Selma Meerbaum-Eisinger

Selma Meerbaum-Eisinger

About Selma Meerbaum-Eisinger

Selma Meerbaum-Eisinger born in February 1924 in Cernauti in Bukovina then in the kingdom of Romania today Chernivtsi in Ukraine, died on December 16, 1942 in the forced labor camp of Michailowka in Ukraine was a German-speaking poet, who, as a Jew victim of persecutions. At a very young age, Selma began to read authors who had a great influence on her work: Heinrich Heine, Rainer Maria Rilke, Klabund, Paul Verlaine and Rabindranath Tagore. Some of Selma Merbaum's poems date back to 1939. She also translates from French, Romanian and Yiddish into German. She was also the first cousin of Paul Celan.
Selma Merbaum's work is made up of 57 poems, which she wrote carefully in pen, each one on a separate page and then bound into an album entitled [Anthology]. She dedicated it to her friend Leiser Fichmann, a member of the Zionist youth group Hashomer Hazair. 52 written by Selma herself, and 5 that she translated from other languages. The poems were written in Czernowitz between May 1939-December 1941, those dating from October 1941 being written in the ghetto. She called her poetry series Blütenlese (Harvest of Blossoms).
On her way to deportation, she was able to give the album to an acquaintance, who gave it to her friend Else, asking her to give it in turn to Leiser. Leiser Fischmann took the volume with him to the labor camp, where he returned it to Else, before fleeing to Palestine. His boat was torpedoed, only five passengers survived, he was not among them. But Selma's poems were transported to Israel by her friend. His Yiddish school teacher, Hersch Segal, self-published them in 1976.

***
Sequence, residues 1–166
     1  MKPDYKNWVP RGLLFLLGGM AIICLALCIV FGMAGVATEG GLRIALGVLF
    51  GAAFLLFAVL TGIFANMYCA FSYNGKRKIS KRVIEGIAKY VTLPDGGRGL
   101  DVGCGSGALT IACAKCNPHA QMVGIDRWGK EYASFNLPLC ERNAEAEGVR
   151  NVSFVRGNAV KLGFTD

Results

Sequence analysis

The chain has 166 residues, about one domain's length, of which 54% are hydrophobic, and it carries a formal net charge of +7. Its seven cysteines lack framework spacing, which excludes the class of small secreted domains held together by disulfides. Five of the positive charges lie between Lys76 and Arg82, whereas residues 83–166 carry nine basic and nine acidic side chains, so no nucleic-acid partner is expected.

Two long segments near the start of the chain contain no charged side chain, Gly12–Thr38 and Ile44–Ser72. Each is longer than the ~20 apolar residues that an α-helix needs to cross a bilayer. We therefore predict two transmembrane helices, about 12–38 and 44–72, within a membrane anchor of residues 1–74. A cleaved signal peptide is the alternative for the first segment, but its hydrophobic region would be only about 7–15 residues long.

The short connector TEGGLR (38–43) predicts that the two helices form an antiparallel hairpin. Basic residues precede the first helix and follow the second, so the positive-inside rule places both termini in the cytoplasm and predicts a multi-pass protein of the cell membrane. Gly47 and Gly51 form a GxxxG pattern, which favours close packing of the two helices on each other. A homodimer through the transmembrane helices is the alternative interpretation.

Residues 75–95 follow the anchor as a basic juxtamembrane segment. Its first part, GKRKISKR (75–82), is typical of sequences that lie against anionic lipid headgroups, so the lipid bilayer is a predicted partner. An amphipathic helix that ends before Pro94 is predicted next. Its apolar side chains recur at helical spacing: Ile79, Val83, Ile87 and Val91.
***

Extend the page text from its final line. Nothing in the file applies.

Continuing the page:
The real discovery of Selma Meerbaum poetry resulted from the report of the newspaper Stern, by the journalist Jürgen Serke, that Hilde Domin had sensitized to these poems. Serke had the poems published under the title Ich bin in Sehnsucht eingehüllt (I Am Shrouded in Nostalgia) by the publisher Hoffmann und Campe. In November 2005 a new edition appeared, as well as an audio book with Iris Berben. These projects were initiated by David Klein, who set twelve of Selma's poems to music, interpreted by Xavier Naidoo, Reinhard Mey, Ute Lemper and many others. Selma Merbaum's salvageable poems are primarily about impressionistic romances, elegies to nature of remarkable stylistic mastery, steeped in melancholy. Hilde Domin confessed to having read Selma Merbaum's poems, so pure, so beautiful, so clear, so menacing while crying with anger. The work of the young author belongs with the poems of Rose Ausländer and Paul Celan to the literary heritage of the Jewish-German culture of Bukovina.
Selma Meerbaum-Eisinger died of typhus at the age of eighteen. Her work is often classified as World Literature.

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